Thank you - your response is so helpful and I'm extremely grateful for your assistance. For the lime application to the "front" sample area, that is helpful to know that it can be broadcast by hand. Do I understand correctly that "broadcast" simplly means that it should be sprinkled evenly over the soil, not worked in? If I broadcast by hand, does this mean I can simply use gloves to pick up handfuls of the lime to sprinkle it around the application area as evenly as I can until the recommended amount is used up? I also want to check the measurements. The recommendation calls for 25 lbs of lime per 1,000 square feet. My area is about 30 feet by 20 feet, which is only 600 square feet. So, I think that means I should be spreading 15 lbs of fertilizer over the area, not 25. Is that correct? Also, can I apply all of the lime called for now, or do I need to do it over the course of a longer period of time? With the other fertilizers for the "front" area, I think it will be best to apply only to the holes where the plants are going. I see a 10 lb. bag of 5-10-10 (N-P-K) at my local garden store. It is called "tomato and vegetable food" but the description says "all purpose" so is that ok? How many lbs would I need to purchase for using in holes for 40-50 plants that I will add to this "front" area? Also, some are going in this week as bare roots, and some will be plugs planted in a couple of months. Is there anything I need to do differently when mixing in the fertilizer for bare root vs. the plugs? Again, thanks so much for your help. As a beginner, I would feel lost without this MD Extension Ask and Expert Service!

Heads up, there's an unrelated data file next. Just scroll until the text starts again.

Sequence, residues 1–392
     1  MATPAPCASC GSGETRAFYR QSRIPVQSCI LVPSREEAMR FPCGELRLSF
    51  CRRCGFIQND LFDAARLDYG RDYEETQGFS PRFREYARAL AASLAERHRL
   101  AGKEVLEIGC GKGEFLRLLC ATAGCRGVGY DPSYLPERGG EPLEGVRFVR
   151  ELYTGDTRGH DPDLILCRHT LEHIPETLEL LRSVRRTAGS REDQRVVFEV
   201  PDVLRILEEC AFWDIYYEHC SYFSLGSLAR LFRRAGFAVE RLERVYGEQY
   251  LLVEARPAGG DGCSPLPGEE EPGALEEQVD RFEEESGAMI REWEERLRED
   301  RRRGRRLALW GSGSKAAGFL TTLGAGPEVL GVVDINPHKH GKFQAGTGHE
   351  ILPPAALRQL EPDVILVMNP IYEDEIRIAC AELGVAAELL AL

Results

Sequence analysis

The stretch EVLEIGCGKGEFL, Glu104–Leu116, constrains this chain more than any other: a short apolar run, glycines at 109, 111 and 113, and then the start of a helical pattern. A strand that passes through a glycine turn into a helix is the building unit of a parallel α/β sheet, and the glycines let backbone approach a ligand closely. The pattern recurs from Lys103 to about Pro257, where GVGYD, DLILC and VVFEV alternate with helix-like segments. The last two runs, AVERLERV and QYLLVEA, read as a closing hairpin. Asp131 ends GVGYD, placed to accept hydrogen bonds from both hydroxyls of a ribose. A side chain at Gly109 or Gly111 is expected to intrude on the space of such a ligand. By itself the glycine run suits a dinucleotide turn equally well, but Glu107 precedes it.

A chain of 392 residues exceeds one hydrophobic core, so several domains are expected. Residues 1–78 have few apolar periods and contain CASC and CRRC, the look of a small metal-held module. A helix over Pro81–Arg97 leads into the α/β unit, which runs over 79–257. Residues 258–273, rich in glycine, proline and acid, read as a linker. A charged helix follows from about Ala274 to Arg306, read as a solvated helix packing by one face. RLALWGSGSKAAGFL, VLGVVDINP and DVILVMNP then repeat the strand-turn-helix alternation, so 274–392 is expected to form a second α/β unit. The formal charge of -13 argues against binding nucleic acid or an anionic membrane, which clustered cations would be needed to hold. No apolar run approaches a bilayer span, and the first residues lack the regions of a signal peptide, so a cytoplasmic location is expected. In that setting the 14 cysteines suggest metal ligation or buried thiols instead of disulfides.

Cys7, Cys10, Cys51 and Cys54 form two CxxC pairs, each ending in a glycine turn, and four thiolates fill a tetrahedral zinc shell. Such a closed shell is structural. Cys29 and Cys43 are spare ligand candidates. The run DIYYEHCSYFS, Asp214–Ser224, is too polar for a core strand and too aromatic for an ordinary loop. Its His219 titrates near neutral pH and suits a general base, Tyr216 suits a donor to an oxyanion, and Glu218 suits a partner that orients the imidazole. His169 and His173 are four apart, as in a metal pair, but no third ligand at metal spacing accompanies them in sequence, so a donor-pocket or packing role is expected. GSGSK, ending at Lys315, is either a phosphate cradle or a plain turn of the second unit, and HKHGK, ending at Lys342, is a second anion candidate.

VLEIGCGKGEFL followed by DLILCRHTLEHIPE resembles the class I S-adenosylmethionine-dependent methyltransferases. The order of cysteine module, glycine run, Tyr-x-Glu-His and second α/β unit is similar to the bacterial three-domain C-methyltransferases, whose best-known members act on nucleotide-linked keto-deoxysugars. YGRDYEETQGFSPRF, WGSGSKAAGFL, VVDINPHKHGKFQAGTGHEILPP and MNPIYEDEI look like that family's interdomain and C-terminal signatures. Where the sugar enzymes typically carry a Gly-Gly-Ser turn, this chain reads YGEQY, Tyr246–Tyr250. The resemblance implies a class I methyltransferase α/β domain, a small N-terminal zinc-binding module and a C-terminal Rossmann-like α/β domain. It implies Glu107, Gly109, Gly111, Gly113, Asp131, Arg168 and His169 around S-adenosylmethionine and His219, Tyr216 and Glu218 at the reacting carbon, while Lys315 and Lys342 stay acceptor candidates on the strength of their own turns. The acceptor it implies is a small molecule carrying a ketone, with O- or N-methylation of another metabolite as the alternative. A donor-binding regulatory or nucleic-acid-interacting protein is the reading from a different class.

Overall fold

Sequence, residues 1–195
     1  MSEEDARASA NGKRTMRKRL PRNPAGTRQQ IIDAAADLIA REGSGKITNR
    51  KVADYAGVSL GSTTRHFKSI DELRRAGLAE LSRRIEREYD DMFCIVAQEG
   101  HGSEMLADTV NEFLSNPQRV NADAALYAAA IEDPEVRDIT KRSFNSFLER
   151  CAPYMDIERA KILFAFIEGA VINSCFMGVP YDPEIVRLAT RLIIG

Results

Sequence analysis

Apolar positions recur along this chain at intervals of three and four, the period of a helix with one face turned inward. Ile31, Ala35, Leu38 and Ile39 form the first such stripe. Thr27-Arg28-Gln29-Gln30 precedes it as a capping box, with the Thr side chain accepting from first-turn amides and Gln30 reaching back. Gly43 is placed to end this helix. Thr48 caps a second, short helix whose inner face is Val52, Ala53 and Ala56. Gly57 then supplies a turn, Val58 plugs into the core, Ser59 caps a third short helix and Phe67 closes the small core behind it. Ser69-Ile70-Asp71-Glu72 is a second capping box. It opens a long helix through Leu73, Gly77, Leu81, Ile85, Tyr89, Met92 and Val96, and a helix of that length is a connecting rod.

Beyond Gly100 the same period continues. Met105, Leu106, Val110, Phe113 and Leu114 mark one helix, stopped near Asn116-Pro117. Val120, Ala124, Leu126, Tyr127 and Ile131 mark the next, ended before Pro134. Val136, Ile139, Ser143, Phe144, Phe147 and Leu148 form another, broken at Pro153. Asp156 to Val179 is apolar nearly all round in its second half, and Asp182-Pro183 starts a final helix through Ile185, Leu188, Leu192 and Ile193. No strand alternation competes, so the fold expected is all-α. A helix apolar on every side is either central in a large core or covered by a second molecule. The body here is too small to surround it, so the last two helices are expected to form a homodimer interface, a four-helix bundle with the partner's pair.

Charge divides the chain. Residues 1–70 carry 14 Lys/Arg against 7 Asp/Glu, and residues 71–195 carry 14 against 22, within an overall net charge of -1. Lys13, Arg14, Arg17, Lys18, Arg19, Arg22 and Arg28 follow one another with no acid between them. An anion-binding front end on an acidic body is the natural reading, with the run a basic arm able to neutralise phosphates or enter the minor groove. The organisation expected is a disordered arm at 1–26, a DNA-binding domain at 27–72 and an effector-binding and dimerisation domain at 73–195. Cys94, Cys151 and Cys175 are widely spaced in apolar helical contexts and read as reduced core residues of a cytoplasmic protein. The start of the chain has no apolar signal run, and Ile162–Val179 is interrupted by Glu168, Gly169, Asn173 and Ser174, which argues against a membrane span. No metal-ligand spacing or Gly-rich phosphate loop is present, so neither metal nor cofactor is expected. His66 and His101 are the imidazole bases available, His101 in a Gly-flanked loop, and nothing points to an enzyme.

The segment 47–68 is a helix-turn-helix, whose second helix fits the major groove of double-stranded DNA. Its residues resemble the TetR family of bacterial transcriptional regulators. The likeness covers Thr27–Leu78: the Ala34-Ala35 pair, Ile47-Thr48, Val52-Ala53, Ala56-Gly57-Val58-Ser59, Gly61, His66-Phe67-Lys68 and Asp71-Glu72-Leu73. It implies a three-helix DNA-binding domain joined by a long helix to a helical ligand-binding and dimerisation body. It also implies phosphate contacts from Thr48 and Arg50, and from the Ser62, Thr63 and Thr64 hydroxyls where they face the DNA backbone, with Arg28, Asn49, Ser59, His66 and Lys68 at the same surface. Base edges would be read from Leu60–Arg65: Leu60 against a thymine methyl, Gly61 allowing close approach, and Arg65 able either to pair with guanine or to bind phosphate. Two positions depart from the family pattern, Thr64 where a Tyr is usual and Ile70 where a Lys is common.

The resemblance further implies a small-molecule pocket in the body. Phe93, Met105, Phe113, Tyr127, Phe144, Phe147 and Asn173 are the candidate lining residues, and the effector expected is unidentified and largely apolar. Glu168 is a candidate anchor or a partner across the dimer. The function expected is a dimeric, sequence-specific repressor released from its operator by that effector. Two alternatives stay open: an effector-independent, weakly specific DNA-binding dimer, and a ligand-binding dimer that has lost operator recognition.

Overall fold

If the area is bare, it would be okay to work the lime into the soil. Otherwise, you can broadcast over the soil. Rain and earthworms will work it in. You can broadcast by hand and you can use gloves.
Your calculations are correct and you can apply the lime now.
The all purpose fertilizer is ok. Follow the directions on the bag for application.
Otherwise, sprinkle 1/2 cup of fertilizer around the plants. There is no difference between bare root versus plugs.
mh